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Senior Contributor

Look for a $4 Harvest Price on Corn

U.S. corn ending stocks are projected at 2.0 billion bushels, up 1.2 billion from 2012/13. The season-average farm price at $4.30 to $5.10 per bushel is down sharply from the record $6.70 to $7.10 for 2012/13.

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Well, let's see here, the above is a projected corn price range for 2013. A 205bu yield times a $4.30 corn price= $881.50/acre in corn sales. My total Input Costs, Land/Fixed Costs and Custom Farming Fees are roughly $550/acre. So $881.50- $550= $331.50 for a very rough profit profit. My land costs are only $25/acre in Property Taxes which makes a huge difference. For the guys paying a land cost of either cash renting or a mortgage payment of $500/acre, They could end up farming for free, just like in the mid-1980's Farm Crisis. Well, time to put the wife on a budget!!!!!

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Senior Advisor

Re: Look for a $4 Harvest Price on Corn

It's always fun to work with cherry picked numbers.  Using 5.50/bu would have a gross of 1045.50/acre rather than 881.50, a difference of $164/acre.  No more reason to pick the low than the high, is there?

 

The 2013 Iowa Cash Rent Survey just came out today.  There is very, very little $500/acre rent reports.  Oh, there is some.  And we have to keep in mind these surveys are by no means guaranteed to be scientific - it's just what the guys who felt like reporting wrote down.  Nevertheless, it's worth noting that the range for the top 1/3 crop ground is quite wide and the average price paid is often $100/acre or more less than the top price for that county.  So, should we say $375/acre?  That is another $125/acre which makes the change $289/acre.  That may well be a horse of a different color.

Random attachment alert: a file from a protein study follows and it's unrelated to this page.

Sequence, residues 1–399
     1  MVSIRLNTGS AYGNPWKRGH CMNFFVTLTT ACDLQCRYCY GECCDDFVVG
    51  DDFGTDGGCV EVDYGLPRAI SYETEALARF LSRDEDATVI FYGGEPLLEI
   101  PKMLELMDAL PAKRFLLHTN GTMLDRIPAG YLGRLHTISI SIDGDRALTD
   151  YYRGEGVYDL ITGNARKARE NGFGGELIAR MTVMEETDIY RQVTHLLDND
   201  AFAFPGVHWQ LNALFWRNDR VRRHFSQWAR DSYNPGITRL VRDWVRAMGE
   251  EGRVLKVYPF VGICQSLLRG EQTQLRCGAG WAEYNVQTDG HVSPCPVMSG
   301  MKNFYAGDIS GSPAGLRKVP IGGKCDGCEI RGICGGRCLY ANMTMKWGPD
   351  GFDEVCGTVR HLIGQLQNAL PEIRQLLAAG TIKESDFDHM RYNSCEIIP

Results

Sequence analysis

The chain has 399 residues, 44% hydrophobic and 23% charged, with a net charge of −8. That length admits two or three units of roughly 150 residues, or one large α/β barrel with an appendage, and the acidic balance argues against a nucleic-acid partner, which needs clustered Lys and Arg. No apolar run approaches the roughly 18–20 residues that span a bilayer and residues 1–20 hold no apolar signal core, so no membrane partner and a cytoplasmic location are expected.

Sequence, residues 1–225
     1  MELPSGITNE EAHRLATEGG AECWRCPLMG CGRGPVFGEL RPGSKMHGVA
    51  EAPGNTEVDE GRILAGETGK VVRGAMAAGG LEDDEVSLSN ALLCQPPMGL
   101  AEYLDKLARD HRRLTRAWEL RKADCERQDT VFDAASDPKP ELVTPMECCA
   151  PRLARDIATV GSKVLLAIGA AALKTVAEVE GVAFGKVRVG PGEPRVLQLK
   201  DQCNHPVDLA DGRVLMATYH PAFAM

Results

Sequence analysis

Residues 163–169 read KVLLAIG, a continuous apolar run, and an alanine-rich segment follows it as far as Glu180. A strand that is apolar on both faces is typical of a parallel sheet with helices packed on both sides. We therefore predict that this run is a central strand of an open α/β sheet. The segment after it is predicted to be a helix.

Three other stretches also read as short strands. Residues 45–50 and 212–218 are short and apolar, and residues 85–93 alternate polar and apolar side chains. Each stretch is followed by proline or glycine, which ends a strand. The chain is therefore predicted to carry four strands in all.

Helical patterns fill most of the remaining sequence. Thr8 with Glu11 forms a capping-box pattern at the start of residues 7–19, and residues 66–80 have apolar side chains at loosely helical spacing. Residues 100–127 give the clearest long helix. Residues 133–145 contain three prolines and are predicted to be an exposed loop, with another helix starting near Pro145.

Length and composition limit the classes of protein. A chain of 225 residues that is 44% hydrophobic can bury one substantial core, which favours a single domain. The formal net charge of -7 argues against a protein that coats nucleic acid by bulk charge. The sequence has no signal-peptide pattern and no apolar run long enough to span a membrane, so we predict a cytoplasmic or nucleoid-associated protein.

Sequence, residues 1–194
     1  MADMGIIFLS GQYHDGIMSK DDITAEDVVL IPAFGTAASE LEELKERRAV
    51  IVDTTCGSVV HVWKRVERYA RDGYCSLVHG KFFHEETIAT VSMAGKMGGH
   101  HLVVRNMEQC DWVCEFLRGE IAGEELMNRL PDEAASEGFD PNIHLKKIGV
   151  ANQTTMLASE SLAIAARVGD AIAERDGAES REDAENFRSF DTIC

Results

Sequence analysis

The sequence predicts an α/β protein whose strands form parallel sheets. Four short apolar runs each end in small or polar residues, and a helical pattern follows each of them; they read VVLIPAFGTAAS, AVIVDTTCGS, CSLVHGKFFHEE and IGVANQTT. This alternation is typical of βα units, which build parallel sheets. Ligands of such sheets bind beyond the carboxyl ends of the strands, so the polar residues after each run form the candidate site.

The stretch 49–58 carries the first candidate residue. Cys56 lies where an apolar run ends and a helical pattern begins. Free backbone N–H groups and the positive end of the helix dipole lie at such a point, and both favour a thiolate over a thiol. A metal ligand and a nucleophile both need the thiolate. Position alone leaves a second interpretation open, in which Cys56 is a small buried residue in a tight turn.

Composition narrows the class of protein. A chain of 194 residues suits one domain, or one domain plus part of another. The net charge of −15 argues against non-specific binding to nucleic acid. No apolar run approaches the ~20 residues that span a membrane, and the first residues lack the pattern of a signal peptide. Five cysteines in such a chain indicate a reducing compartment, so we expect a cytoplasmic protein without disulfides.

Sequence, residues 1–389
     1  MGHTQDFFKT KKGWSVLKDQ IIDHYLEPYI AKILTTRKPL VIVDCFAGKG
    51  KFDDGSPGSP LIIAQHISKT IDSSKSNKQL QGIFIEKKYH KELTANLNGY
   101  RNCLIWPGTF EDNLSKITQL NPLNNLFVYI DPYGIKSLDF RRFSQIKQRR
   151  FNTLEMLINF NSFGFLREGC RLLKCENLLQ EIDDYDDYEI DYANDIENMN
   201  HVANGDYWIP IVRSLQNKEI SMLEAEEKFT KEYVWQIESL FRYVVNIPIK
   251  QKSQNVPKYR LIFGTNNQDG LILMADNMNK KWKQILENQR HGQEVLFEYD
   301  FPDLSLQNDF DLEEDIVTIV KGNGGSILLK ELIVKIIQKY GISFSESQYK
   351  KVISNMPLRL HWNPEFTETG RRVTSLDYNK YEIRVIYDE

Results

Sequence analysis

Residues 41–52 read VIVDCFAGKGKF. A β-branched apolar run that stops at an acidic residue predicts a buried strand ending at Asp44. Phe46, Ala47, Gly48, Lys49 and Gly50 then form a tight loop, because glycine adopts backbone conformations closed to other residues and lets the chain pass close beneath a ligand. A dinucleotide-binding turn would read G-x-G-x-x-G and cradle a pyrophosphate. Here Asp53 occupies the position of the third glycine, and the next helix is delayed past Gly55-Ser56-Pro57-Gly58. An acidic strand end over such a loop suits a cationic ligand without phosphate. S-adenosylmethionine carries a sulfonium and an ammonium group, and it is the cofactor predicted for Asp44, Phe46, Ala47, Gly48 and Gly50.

http://www.extension.iastate.edu/agdm/wholefarm/pdf/c2-10.pdf

 

Without a doubt, the farmer on the low end of the scale is going to be hurt very bad, but using the same range of numbers a farmer may have made nearly $300/acre as well.  So, I'm not going to plan to go to anyone's bankruptcy sale until I see the flier.

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Senior Contributor

Re: Look for a $4 Harvest Price on Corn

Yes, I would say that the $500/acre Cash-Rent that people talk about in Iowa is confined to probably the very top 10% high quality farmland. This would be land that has an 85+CSR Rating for the soil types, and this is a big item too. This is drainage tile which is the 2nd most important item that you look at in either cash-renting or buying  a farm in the North-Central Iowa area. An Iowa farm that has an 85 and higher total whole farm CSR Rating and Pattern Tiling, along with other tiling are the Iowa farms that are bringing the $500/acre cash rent prices. But as mentioned, Iowa farmland that makes up this extremely high quality land is only 10% of the 26 Million acres of Iowa row-crop land. So, I would say there is only 2.6 Million acres of Iowa land that meets this high-quality standard. The corn yield on this top 10% of Iowa land is north of 220bu/acre, and maybe as high as 240bu/acre with normal weather. Iowa land with an 80 and higher CSR Rating probably makes up the top 20% of quality in Iowa. But an 80 CSR overall whole farm CSR Rating, plus good tiling can very easily do 220bu/acre. Most of my land in North-Central Iowa is 80 CSR and higher, but I have one farm that has a 76 CSR Rating, but it too can do well north of 200bu/acre yield-wise given good weather. 

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